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Norway, Unifil Protest Killing of Norwegian Officer by Israelis

December 28, 1993
See Original Daily Bulletin From This Date

The government of Norway and United Nations officials have strongly protested the killing by an Israeli tank patrol of a Norwegian officer serving with the U.N. Interim Force in Lebanon.

The incident occurred Sunday night in the Israeli-controlled border security zone of southern Lebanon. Members of an Israel Defense Force unit mistook a UNIFIL patrol for members of the Islamic fundamentalist Hezbollah movement, which has been staging attacks on Israelis.

A second Norwegian soldier was wounded in the incident.

The commander of the Israeli patrol personally apologized for the fatal error to the Norwegian battalion commander whose troops were part of the U.N. forces operating in the region.

The IDF’s commander in charge of the Northern Sector has meanwhile called for a commission to investigate the incident.

According to an IDF spokesman, an Israeli tank patrol had been engaged in a night search for terrorists near Marjayoun, in the eastern sector of the buffer security zone.

Seeing what appeared to be suspicious persons, the tank commander opened fire, discovering only later that he had fired on a UNIFIL force on foot patrol.

Members of the Israeli unit subsequently offered to help the stricken Norwegian force, calling in a helicopter to airlift the wounded soldier to a hospital in Haifa.

UNIFIL spokesman Timor Goksel complained that the IDF had earlier contacted UNIFIL headquarters to learn if they had any information about terrorist movements in the area.


Goksel said the Israelis were told that UNIFIL knew of no terrorist movements.

“There was therefore no need for the patrolling tank to have opened fire with mortar rounds and automatic fire on the five-man foot patrol without challenge,” Goksel said.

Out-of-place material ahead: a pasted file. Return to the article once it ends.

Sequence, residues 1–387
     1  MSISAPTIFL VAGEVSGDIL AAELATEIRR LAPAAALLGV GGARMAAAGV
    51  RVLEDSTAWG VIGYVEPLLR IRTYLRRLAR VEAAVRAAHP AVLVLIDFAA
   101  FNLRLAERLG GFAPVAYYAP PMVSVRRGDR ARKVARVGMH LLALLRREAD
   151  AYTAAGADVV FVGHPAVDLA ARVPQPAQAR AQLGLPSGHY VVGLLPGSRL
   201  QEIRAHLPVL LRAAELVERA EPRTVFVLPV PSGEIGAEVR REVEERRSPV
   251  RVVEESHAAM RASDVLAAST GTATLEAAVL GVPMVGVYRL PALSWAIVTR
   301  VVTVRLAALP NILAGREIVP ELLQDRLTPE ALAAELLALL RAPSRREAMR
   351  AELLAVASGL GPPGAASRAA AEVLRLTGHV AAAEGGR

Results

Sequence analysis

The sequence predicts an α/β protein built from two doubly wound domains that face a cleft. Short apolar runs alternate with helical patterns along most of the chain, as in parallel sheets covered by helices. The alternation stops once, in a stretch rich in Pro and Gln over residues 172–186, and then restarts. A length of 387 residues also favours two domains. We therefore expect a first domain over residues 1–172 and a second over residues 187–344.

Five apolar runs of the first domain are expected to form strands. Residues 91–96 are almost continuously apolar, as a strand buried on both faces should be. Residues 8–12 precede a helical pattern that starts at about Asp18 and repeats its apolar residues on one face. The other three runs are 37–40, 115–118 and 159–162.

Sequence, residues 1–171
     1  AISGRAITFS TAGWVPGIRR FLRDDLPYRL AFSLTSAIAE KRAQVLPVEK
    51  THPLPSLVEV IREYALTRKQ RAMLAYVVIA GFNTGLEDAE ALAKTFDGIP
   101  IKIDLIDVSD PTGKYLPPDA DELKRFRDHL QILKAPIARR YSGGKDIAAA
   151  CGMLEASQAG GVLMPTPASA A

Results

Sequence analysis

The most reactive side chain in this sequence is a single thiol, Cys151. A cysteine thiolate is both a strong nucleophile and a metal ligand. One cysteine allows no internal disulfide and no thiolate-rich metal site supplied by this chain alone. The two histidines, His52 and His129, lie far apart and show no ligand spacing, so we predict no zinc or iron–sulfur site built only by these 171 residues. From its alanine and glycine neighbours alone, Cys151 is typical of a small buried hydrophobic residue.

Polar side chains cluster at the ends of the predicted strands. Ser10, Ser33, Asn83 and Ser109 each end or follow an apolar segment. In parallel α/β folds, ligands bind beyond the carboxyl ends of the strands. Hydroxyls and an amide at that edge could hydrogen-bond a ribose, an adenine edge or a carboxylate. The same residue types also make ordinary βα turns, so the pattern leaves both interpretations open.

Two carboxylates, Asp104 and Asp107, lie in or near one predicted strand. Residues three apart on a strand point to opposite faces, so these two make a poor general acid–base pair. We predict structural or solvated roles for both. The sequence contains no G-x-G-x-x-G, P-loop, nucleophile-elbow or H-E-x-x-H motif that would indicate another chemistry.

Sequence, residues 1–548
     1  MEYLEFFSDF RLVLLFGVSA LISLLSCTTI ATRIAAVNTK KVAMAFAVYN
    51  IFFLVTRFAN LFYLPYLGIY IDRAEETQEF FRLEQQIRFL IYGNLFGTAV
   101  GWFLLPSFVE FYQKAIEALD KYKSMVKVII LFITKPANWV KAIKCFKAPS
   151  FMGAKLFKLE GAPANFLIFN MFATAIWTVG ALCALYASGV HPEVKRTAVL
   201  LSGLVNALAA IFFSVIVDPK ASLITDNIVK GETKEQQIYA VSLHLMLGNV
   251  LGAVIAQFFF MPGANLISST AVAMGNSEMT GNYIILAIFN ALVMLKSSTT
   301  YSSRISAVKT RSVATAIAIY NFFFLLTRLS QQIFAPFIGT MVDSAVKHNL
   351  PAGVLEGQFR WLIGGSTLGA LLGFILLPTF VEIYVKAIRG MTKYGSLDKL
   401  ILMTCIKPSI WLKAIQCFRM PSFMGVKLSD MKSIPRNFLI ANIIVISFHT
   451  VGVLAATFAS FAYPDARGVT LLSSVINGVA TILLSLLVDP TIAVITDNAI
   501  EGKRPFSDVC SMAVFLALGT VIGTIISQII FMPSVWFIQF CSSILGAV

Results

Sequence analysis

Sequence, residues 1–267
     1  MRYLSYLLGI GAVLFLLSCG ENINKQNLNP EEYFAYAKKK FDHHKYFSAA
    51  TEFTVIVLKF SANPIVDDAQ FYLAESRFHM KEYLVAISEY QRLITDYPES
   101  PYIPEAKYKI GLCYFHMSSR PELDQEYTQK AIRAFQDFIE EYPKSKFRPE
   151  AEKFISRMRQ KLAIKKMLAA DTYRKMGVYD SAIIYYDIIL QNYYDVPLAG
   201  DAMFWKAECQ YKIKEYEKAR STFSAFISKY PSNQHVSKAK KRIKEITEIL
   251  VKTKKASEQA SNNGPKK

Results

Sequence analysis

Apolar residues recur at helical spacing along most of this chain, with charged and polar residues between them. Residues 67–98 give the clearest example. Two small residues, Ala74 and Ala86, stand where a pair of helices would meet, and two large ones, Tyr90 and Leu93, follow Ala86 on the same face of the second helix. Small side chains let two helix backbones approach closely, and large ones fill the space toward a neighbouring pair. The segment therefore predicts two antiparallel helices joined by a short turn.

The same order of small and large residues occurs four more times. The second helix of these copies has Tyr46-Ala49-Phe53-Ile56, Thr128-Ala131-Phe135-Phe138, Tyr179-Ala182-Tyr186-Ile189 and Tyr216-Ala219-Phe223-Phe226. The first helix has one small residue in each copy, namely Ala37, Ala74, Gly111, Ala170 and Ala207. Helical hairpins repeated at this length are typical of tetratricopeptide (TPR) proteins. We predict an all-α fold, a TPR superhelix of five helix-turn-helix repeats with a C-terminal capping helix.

He added that members of Israel’s ally in the region, the South Lebanon Army, had earlier opened fire on Irish troops serving with UNIFIL but had caused no casualties in that incident.

“And then came this incident with the IDF. There’s just too much indiscriminate firing going on,” Goksel complained.

Yossi Beilin, Israel’s deputy foreign minister, telephoned his Norwegian counterpart, Jan Egeland, in Oslo to offer his regrets over the incident and to promise an inquiry.

Egeland in turn protested the incident to Beilin and said the Norwegian Embassy in Tel Aviv would soon present a formal written protest to Israel.

“I said that this is completely incomprehensible from the Norwegian side. The Norwegian patrol was in the U.N. area. It was a normal patrol,” Egeland told Norwegian national radio.

“In many ways this episode shows how wrong the entire Israeli occupation of south Lebanon is,” he said, adding, “There are often unclear responsibilities and lines of command.”

UNIFIL has lost 195 soldiers, including 20 Norwegians, since deploying peacekeeping forces in southern Lebanon in 1978. The U.N. force now has about 5,400 troops operating in the region.

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